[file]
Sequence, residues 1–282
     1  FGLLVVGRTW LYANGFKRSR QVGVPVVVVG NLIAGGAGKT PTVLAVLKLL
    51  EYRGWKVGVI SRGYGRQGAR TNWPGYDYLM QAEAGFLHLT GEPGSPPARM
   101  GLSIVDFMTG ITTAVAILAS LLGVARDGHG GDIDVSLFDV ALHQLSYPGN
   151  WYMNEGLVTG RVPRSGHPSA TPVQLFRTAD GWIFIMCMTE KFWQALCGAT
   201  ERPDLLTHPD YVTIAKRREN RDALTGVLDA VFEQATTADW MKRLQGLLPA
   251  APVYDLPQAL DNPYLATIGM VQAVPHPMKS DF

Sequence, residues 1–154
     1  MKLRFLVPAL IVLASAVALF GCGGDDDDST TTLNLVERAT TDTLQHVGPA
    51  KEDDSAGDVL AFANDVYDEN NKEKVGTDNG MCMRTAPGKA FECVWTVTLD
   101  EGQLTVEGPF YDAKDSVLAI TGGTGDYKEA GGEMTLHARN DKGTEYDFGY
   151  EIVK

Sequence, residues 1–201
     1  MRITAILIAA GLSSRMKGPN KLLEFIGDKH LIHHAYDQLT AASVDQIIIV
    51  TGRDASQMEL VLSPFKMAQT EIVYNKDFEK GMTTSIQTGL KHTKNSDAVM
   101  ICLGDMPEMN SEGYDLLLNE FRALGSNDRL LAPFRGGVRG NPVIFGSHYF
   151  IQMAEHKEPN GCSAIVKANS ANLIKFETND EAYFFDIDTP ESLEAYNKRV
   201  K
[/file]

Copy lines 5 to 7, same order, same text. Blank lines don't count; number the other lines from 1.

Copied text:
   151  WYMNEGLVTG RVPRSGHPSA TPVQLFRTAD GWIFIMCMTE KFWQALCGAT
   201  ERPDLLTHPD YVTIAKRREN RDALTGVLDA VFEQATTADW MKRLQGLLPA
   251  APVYDLPQAL DNPYLATIGM VQAVPHPMKS DF